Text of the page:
Jon Ashton

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Jon Ashton
Posted about 2 years ago
Hendrik Poinar: Bring back the woolly mammoth!
If you think about it, we as a species spend a tremendous amount of time going backwards. We write and record history. We paint and record our thoughts. We store memories to share with cameras and video. We learn from our past and our shared experiences. It's part of what makes us human and helps us evolve our culture. This is an expression of that same drive. We wish to look back on the environment and the animals that inhabited it in the past. I know I was obsessed with dinosaurs when I was young. It started my interest in biology. I don't think it is wrong for us to consider the possibility that a great deal about life and evolution could be learned from such a de-extinction project. It's definitely worth thinking about and debating. It's not idiocy.
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Jon Ashton
Posted about 2 years ago
Hendrik Poinar: Bring back the woolly mammoth!
I completely agree on the issue of funding. Donors have the right to choose which research projects they wish to support. Many cancer, heart disease, diabetes, AIDS, etc projects are large, well-funded and only inching along towards new results. I shouldn't feel obligated to support such a cause if I cared more about another cause. The last thing I want is some self-righteous individual preaching to me about where I should or should not spend my money. If you want to argue that money shouldn't be spent on a project to revive extinct species, you'd be more persuasive describing the dangers or ethical bounds of doing such research. I for one think it would be a tremendous step for science, a proof of concept that, if we wanted to, we could use similar techniques to save endangered species from extinction. The knowledge and techniques involved are both incredibly powerful and incredibly versatile and may have uses far beyond their originally intended purpose.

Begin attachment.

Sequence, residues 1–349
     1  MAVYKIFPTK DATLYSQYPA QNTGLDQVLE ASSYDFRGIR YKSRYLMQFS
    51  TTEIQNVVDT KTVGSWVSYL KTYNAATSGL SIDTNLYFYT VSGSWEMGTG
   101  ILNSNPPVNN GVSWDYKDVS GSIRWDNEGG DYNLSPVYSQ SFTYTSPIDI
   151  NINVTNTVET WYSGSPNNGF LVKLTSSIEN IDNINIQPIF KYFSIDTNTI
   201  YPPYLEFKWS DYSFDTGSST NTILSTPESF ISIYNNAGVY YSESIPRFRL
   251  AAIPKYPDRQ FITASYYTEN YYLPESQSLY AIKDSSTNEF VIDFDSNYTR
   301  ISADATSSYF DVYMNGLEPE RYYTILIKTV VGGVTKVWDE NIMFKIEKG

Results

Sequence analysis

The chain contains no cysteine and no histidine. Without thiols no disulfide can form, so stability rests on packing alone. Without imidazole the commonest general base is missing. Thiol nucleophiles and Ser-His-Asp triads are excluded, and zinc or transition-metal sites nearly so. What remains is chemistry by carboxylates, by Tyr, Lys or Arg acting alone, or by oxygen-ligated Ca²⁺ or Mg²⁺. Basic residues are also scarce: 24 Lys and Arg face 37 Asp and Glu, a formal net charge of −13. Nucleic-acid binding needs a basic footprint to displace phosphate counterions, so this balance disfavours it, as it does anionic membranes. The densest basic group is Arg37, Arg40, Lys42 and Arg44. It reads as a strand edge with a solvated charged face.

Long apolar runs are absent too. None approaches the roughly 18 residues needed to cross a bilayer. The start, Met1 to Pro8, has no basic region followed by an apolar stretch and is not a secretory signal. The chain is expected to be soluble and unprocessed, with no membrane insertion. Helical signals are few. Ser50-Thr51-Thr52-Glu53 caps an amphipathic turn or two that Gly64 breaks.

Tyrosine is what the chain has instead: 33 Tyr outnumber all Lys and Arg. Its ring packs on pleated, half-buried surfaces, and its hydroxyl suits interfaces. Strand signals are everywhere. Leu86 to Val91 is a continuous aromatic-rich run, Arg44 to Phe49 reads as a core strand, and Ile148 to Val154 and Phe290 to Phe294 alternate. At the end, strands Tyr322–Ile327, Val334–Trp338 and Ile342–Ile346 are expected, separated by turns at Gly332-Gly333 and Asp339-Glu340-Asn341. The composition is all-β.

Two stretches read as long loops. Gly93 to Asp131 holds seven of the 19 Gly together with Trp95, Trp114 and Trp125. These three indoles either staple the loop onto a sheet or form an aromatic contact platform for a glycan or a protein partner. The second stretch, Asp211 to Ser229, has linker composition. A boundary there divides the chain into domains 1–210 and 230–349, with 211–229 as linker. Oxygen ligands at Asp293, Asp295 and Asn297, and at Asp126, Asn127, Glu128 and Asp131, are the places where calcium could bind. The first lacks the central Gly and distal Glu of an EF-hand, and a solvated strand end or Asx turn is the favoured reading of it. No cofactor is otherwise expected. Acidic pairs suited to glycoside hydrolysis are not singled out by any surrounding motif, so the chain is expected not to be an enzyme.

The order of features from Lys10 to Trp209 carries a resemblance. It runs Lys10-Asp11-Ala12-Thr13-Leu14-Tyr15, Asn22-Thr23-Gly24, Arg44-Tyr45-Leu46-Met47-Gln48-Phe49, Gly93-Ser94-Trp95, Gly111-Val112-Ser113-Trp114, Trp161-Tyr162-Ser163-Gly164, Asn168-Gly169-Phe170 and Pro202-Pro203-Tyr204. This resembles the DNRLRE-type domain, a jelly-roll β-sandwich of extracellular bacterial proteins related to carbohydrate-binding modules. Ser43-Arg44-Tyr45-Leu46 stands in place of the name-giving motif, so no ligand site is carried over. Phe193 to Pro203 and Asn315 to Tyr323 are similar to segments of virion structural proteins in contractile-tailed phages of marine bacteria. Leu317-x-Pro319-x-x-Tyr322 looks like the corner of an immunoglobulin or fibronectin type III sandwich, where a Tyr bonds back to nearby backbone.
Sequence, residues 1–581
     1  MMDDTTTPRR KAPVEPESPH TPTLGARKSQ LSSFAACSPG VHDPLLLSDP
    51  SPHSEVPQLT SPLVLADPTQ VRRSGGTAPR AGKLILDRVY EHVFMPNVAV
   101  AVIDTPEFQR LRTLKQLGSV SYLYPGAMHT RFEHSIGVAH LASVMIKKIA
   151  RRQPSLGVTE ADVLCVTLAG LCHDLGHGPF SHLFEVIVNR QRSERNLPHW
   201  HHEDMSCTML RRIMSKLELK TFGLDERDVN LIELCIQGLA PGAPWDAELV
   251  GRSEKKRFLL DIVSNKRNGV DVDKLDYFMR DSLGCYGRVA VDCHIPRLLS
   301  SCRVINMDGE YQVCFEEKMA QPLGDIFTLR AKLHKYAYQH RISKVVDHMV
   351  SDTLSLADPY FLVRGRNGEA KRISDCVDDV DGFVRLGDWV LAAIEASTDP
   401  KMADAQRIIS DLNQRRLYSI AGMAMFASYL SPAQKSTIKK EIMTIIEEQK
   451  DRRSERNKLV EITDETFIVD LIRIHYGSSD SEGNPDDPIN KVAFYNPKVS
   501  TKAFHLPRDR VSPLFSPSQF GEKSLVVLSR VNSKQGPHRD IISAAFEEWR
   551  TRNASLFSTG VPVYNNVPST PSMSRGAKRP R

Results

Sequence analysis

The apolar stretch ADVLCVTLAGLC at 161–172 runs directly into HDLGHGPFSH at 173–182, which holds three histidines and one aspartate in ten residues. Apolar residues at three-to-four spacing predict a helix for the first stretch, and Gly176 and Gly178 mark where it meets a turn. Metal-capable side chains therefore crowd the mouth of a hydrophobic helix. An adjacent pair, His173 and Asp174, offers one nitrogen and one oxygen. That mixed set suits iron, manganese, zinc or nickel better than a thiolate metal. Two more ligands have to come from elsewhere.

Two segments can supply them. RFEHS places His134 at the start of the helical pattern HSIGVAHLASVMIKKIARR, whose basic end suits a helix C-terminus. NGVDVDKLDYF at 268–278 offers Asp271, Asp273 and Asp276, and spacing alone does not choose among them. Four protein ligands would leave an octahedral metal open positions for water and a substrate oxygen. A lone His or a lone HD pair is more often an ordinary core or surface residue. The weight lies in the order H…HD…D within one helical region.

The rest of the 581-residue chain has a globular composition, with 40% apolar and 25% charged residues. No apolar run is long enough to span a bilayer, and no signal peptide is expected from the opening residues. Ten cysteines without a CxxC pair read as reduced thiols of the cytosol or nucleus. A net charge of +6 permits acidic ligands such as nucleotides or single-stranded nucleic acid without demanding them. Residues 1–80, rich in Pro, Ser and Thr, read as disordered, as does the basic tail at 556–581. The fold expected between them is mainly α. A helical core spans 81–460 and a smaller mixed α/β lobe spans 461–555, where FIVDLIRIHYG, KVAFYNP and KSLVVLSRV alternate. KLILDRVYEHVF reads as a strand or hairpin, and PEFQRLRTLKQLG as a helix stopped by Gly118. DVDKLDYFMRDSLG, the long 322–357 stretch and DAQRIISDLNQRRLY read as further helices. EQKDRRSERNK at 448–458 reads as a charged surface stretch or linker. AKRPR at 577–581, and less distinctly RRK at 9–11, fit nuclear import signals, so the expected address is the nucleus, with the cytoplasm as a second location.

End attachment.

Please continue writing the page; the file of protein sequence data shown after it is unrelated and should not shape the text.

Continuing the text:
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Jon Ashton
Posted about 2 years ago
Hendrik Poinar: Bring back the woolly mammoth!
I think there are two bigger questions that need to be considered. We know that an organism is not just the sum of it's DNA. 1) While we learn how to behave like humans from our parents, where would a mammoth learn to behave like a mammoth? It's parents and all the rest of it's kind are dead. It wouldn't learn the migratory paths we think it took. It would have to learn from scratch and the result would invariably be different from the mammoths of old. Does that matter? 2) Human beings are comprised of trillions of cells 90% of which are bacterial symbiotes living on our skin or in our alimentary tract. If these ecosystems are disrupted, we get things like acne and diarrhea. Would it be worth considering that we don't know what bacteria lived symbiotically with mammoths and that it would be impossible to recreate them without a mammoth parent to provide them? We would have to hope an elephant would have a close enough microbiota to fill the gap and keep our new mammoth healthy.
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Jon Ashton
Posted about 2 years ago
Hendrik Poinar: Bring back the woolly mammoth!